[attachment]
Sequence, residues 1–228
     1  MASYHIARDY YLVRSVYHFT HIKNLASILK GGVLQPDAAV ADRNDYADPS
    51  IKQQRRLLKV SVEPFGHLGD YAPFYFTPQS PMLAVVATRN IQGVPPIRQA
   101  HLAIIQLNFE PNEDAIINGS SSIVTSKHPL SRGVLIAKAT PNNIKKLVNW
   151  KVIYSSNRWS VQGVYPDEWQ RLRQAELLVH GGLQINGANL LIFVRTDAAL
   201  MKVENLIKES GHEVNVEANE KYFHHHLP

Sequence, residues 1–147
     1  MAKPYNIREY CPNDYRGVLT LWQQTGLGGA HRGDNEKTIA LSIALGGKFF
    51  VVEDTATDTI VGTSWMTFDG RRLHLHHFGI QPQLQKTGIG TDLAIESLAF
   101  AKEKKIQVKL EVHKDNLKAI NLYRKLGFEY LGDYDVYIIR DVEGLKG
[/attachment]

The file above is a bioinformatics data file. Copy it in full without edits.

Sequence, residues 1–228
     1  MASYHIARDY YLVRSVYHFT HIKNLASILK GGVLQPDAAV ADRNDYADPS
    51  IKQQRRLLKV SVEPFGHLGD YAPFYFTPQS PMLAVVATRN IQGVPPIRQA
   101  HLAIIQLNFE PNEDAIINGS SSIVTSKHPL SRGVLIAKAT PNNIKKLVNW
   151  KVIYSSNRWS VQGVYPDEWQ RLRQAELLVH GGLQINGANL LIFVRTDAAL
   201  MKVENLIKES GHEVNVEANE KYFHHHLP

Sequence, residues 1–147
     1  MAKPYNIREY CPNDYRGVLT LWQQTGLGGA HRGDNEKTIA LSIALGGKFF
    51  VVEDTATDTI VGTSWMTFDG RRLHLHHFGI QPQLQKTGIG TDLAIESLAF
   101  AKEKKIQVKL EVHKDNLKAI NLYRKLGFEY LGDYDVYIIR DVEGLKG